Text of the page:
I asked Courtney if she could share a little of the background to Seamstar. For me, the idea of owning a fabric shop has a certain mystique about it (as does owning a chocolate shop or a children's shoe shop). I wonder how a fabric shop owner picks their stock when I have so much angst finalising which fat quarter I'd like. Here's what she said:

I started Seamstar in 2008, a month after giving birth to my first baby. Just a bit insane when I think about it now! When the baby was sleeping I was cutting fabric, learning html website code & researching the best way to package craft products (which, by the way, is in lovely colourful tissue-paper, carefully tied with ribbon & placed in a waterproof postal bag).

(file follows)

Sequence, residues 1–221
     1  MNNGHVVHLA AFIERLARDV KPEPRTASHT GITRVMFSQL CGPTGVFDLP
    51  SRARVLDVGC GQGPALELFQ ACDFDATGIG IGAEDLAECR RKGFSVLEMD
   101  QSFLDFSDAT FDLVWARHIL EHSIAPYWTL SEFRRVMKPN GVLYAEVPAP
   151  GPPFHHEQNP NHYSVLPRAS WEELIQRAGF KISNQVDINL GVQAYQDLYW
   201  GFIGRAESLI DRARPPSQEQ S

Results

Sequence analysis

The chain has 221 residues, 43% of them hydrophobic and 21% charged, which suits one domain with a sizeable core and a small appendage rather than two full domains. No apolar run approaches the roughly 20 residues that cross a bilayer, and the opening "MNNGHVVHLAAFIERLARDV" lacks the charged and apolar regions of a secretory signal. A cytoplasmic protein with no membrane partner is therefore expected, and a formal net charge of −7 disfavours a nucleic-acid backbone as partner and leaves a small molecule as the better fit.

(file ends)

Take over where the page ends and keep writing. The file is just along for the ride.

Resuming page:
There's been a lot of changes since the start; Seamstar doesn't only sell fabrics but now sells lots of different things like felt, ribbons, trims and haberdashery. From the early days of just me we now have a lovely team of 8 people. We also have a monthly Craft Club so people can join in with our website and collect our products.

There are some things that haven't changed throughout the last 5 years; I still spend a lot of time designing (and redesigning) the website. I don't think the Seamstar website will ever be finished. 

I'm delighted to learn that Seamstar have plans for expanding their dressmaking range too! They are about to launch into something of a blog overhaul, so you'll be able to hear about those things as and when they happen. In the meantime, you can find all sorts of lovelies in their shop